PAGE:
Applied Atomic Collision Physics, Volume 1: Atmospheric Physics and Chemistry focuses on the applications of atomic collision physics in atmospheric physics and chemistry. The emphasis is on the physics of the upper atmospheres of the earth and planets as well as astrophysics, including solar physics, the physics of planetary nebulae, and reactions in interstellar space. Comprised of 12 chapters, this volume begins with an overview of the structure of the earth's atmosphere and its environment in interplanetary space, along with the structure of the terrestrial atmosphere at middle latitudes. The discussion then turns to the photochemistry of the midlatitude ionosphere; the thermal balance in the thermosphere at middle latitudes; atomic collisions in the lower ionosphere at midlatitudes; and airglow and auroras. Subsequent chapters explore the high latitude ionosphere, the exosphere, and the magnetosphere; the ionospheres of the planets and other bodies of the solar system; atmospheric processes involved in the stratospheric ozone problem; and solar physics. The final two chapters are concerned with applications to the physics of planetary nebulae and interstellar space. This book will be of interest to physicists and chemists.
Author: Arnold Hanslmeier,Stephan Kempe,Joseph Seckbach
Publisher: Springer Science & Business Media
A trio of editors [Professors from Austria, Germany and Israel] present Life on Earth and other Planetary Bodies. The contributors are from twenty various countries and present their research on life here as well as the possibility for extraterrestrial life. This volume covers concepts such as life’s origin, hypothesis of Panspermia and of life possibility in the Cosmos. The topic of extraterrestrial life is currently ‘hot’ and the object of several congresses and conferences. While the diversity of “normal” biota is well known, life on the edge of the extremophiles is more limited and less distributed. Other subjects discussed are Astrobiology with the frozen worlds of Mars, Europa and Titan where extant or extinct microbial life may exist in subsurface oceans; conditions on icy Mars with its saline, alkaline, and liquid water which has been recently discovered; chances of habitable Earth-like [or the terrestrial analogues] exoplanets; and SETI’s search for extraterrestrial Intelligence.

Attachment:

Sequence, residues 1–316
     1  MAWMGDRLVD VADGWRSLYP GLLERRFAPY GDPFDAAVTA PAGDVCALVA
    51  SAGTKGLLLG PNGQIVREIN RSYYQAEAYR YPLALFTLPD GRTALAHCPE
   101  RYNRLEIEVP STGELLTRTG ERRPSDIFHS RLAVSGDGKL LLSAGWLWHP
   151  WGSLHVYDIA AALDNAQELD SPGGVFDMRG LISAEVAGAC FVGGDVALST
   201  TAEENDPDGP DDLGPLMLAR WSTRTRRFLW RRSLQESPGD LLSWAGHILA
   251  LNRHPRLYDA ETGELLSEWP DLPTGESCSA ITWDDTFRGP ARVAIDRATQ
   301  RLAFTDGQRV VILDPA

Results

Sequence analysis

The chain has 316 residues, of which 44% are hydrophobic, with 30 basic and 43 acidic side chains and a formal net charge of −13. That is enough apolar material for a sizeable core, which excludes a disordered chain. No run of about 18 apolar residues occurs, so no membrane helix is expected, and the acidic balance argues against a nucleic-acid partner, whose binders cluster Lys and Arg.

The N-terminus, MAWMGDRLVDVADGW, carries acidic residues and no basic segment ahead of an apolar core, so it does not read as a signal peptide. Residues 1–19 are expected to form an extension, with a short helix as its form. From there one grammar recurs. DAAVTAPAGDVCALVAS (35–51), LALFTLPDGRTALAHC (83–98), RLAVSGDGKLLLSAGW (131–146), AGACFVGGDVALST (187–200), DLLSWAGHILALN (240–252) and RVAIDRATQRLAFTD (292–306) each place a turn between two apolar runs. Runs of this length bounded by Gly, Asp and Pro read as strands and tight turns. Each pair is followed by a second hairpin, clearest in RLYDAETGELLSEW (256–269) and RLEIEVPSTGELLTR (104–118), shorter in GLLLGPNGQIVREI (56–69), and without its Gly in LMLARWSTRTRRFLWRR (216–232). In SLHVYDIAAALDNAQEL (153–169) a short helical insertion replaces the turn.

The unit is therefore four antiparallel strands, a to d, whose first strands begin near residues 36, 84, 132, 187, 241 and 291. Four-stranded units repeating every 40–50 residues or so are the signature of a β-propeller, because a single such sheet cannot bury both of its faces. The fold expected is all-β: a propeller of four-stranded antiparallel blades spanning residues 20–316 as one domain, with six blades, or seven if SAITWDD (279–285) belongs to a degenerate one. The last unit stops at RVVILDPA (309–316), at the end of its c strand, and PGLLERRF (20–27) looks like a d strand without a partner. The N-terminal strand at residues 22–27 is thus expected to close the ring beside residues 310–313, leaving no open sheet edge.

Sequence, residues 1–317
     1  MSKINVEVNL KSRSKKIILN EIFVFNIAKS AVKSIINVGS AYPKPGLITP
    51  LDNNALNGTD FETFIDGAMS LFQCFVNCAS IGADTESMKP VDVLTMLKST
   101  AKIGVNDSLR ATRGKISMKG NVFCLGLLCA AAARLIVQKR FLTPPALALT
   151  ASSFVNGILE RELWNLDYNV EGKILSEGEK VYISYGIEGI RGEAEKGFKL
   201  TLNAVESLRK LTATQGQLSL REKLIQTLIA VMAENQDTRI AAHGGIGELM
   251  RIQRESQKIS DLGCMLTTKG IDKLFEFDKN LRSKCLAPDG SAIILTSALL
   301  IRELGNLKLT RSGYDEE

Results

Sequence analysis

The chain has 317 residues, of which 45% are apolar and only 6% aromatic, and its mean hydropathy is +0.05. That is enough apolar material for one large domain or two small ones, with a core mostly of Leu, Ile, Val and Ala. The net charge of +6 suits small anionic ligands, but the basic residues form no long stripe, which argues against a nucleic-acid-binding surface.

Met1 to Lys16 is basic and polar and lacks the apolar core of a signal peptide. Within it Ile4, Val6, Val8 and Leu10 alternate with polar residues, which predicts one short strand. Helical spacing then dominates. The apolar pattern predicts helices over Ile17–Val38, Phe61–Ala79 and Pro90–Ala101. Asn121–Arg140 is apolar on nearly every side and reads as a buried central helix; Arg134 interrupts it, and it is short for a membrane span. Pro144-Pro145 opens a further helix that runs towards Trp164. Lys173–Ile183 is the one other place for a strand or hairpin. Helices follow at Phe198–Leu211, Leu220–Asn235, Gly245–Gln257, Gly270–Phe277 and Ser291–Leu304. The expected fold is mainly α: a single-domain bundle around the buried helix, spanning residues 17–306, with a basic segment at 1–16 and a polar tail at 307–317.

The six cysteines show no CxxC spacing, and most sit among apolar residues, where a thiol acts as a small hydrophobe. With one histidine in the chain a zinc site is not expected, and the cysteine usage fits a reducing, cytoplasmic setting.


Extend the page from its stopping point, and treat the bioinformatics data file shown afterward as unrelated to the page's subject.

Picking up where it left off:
This introduction to the physics and chemistry of Earth's atmosphere with an account of relevant aspects of ocean science, treats atmospheric science and the climate as an integrated whole, and makes explicit the policy implications of what is known. Its critical account of steps taken by the international community to address the issue of climatic change highlights the challenge of dealing with a global issue for which the political and economic stakes are high, where uncertainties are common and where there is a need for clear thinking and informed policy.
Scientists have collected a wealth of physical and chemical data for the Sun, planets, and small bodies in our solar system, but until now this information has been scattered throughout the technical literature. The Planetary Scientist's Companion solves this problem, providing for the first time a single, extensive reference for the interdisciplinary fields of planetary science and cosmochemistry. The book begins with a summary of frequently used physical and chemical constants, unit conversion factors, properties of some compounds and minerals, thermodynamic data, partition coefficients, and useful formulas. This is followed by an overview of the solar system, including comparative data for the planets and their satellites and abundances of the elements. Much of the book is devoted to a series of chapters describing in turn the Sun, each of the planets, and the groups of small bodies (asteroids, comets, meteorites, and Kuiper Belt and Centaur objects). Each chapter includes an introduction, followed by tables of physical and chemical properties compiled from many sources, including data on planetary atmospheres, surfaces, and interiors. The book concludes with data on nearby stars, the interstellar medium, and recently discovered brown dwarfs and possible extrasolar planets, followed by a glossary. A unique and practical resource for anyone interested in contemporary planetary science and cosmochemistry, this volume is likely to be an essential tool in future research.